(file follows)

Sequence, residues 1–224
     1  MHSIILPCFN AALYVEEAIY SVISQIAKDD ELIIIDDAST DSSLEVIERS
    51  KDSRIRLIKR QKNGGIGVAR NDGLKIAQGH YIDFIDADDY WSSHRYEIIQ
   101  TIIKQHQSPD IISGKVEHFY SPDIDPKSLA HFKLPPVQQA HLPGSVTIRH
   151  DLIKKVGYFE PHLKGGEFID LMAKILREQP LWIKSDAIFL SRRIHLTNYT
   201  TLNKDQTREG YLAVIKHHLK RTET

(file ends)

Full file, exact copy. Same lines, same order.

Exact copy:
Sequence, residues 1–224
     1  MHSIILPCFN AALYVEEAIY SVISQIAKDD ELIIIDDAST DSSLEVIERS
    51  KDSRIRLIKR QKNGGIGVAR NDGLKIAQGH YIDFIDADDY WSSHRYEIIQ
   101  TIIKQHQSPD IISGKVEHFY SPDIDPKSLA HFKLPPVQQA HLPGSVTIRH
   151  DLIKKVGYFE PHLKGGEFID LMAKILREQP LWIKSDAIFL SRRIHLTNYT
   201  TLNKDQTREG YLAVIKHHLK RTET